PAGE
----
PARK CITY, Jan. 19 - What's grabbing the spotlight at the Sundance Film
Stratosphere Entertainment, the new independent film company formed by longtime
producer Paul Cohen and takeover mogul Carl Icahn, introduced its inaugural
slate of films here this weekend. Highlighting Stratosphere's film list
is "One Tough Cop" a biographical crime drama starring Stephen
Baldwin and Gina Gershon. Scheduled for a fall release, the script was penned
by Martin and Michael Bregman and will be direcdted by Bruno Baretto of
"Carried Away" fame.
Among the rest of Stratosphere's films are German jailhouse pic "Bandits,"
Adam Bernstein's black comedy "Six Ways to Sunday" and writer/director
Dan Zukovic's satirical Hollywood send-up "The Last Big Thing."
Cohen praised the roster of films. "These are challenging voices, but
their independence and originality do not restrict them to a narrow audience,"
said the veteran "Bad Lieutenant" producer. "What will distinguish
Stratosphere is our goal to exist at the crossroads where filmgoers match
the daring of the filmmakers"...
The controversy over Nick Broomfield's documentary on celebrity, "Kurt
and Courtney," is still heating up dinner converstations. After Sundance
announced the film's withdrawal on the eve of the festival over "unresolved
legal matters" including music rights, Broomfield sounded off to the
trades. The British filmmaker claimed his insurance covered music rights
and insinuated lawsuit threats by Courtney Love led to the film's removal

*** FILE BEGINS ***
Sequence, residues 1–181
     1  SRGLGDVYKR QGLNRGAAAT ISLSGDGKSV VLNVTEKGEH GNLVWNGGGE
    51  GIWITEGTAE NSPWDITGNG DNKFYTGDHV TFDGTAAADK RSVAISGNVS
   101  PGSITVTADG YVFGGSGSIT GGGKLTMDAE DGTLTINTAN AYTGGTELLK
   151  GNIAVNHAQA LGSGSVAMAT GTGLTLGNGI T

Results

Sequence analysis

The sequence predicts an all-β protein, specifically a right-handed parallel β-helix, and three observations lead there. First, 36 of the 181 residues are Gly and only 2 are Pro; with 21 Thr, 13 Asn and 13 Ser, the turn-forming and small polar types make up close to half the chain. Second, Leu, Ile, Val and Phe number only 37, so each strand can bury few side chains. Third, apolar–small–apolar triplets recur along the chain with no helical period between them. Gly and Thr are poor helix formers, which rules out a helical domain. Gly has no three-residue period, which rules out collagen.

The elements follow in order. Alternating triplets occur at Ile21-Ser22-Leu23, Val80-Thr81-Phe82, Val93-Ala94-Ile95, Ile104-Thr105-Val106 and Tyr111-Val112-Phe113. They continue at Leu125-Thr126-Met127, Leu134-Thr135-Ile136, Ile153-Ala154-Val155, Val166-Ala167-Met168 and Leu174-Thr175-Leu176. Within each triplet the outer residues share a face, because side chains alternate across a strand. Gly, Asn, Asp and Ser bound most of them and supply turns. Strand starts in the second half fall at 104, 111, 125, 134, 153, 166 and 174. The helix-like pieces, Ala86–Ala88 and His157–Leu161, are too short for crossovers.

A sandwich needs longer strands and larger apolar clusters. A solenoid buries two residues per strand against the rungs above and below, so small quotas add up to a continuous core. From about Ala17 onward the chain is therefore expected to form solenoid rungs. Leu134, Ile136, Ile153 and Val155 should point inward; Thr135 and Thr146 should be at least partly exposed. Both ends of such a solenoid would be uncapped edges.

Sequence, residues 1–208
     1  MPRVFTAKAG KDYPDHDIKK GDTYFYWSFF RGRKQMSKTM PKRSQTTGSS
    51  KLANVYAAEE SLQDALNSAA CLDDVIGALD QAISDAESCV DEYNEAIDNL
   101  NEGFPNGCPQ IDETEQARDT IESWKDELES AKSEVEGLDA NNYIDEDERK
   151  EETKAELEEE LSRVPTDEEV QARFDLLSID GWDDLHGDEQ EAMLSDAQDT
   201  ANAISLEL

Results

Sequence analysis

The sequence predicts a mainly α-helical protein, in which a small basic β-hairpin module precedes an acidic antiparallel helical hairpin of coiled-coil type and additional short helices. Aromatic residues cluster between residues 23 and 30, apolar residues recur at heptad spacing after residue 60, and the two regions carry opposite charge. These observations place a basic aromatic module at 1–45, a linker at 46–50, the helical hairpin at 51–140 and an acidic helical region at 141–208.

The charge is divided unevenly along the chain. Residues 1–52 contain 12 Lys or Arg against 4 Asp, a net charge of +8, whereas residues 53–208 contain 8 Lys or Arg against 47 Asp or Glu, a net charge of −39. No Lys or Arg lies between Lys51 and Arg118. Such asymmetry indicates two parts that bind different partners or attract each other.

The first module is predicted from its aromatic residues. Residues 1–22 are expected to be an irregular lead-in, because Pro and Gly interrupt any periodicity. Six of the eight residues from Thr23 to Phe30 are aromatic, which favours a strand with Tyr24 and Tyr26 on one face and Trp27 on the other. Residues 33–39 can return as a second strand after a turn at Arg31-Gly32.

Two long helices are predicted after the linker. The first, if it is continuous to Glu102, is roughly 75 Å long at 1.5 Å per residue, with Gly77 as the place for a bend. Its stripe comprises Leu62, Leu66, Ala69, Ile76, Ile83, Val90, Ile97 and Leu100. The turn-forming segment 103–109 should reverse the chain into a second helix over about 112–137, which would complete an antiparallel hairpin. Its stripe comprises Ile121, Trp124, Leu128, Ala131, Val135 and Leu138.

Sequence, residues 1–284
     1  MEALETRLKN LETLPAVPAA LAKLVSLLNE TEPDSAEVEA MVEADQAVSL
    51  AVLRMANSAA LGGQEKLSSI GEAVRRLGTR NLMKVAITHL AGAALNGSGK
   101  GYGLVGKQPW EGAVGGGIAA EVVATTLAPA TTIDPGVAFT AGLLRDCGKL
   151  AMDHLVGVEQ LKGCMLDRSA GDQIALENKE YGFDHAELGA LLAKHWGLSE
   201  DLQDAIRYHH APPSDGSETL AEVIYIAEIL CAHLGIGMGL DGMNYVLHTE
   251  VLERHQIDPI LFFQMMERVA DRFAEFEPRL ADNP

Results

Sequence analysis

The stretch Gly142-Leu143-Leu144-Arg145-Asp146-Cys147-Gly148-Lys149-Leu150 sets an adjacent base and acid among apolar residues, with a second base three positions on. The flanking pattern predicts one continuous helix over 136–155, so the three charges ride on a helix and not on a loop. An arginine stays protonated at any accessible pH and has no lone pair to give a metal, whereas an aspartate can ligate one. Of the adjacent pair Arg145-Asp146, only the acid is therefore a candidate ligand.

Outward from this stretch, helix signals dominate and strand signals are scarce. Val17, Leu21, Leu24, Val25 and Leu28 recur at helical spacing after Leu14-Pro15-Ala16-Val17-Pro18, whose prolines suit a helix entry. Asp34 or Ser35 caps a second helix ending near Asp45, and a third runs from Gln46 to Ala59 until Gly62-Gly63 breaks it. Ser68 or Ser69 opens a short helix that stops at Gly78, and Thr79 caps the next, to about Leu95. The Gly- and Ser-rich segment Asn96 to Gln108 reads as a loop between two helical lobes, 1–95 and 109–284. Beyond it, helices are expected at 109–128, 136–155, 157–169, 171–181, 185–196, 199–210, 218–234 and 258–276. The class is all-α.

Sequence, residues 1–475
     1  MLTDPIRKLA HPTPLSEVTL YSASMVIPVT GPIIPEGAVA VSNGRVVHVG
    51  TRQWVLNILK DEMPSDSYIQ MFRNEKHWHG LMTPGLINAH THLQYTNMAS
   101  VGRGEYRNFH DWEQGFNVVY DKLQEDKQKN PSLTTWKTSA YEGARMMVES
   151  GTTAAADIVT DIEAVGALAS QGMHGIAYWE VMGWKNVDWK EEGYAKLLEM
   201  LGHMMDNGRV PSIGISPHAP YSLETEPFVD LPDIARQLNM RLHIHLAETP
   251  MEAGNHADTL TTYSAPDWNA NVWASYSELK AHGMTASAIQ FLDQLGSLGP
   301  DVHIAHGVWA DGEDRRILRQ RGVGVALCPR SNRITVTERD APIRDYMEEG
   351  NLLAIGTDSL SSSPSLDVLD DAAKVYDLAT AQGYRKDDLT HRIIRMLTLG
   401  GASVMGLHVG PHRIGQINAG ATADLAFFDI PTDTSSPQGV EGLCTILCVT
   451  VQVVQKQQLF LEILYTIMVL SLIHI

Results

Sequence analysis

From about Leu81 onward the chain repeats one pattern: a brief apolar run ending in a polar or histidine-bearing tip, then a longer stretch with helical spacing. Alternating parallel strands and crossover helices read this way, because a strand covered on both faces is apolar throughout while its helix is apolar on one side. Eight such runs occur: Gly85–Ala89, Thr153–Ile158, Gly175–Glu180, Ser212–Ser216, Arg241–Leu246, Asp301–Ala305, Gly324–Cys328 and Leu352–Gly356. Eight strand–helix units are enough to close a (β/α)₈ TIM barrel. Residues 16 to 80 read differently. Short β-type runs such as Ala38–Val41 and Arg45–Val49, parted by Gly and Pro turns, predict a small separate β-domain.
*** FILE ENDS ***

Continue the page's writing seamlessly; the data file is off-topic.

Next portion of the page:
from the fesitival. Holding court at a makeshift press conference in his
hotel room, Broomfield - who is also a jury member for the documentary competition
this year - confirmed that he'd been meeting with Slamdance officials to
discuss screening "Kurt and Courtney"...
Even Robert Redford chimed in on the issue at his annual media press conference
and brunch. Redford, who made a brief appearance at Sundance in between
edit sessions for his film "The Horse Whisperer," said he had
hoped the film would see the screen but was told the festival's "hands
[were] tied." The Sundance founder even took a shot at Love, saying,
"As an artist who's benefited so much from freedom of speech in her
career, I find it highly ironic that she chose to prevent another artist
from showing his work." Take that, Miss World...
Finally, one of the most bizarre cameos in recent memory can be found in
the festival entry "Slam." An otherwise nameless film about street
hoods in prison, "Slam" contains a curious choice of casting for
the role of a drug abuse counselor - Washington, D. C. mayor and crack video
star Marion Barry.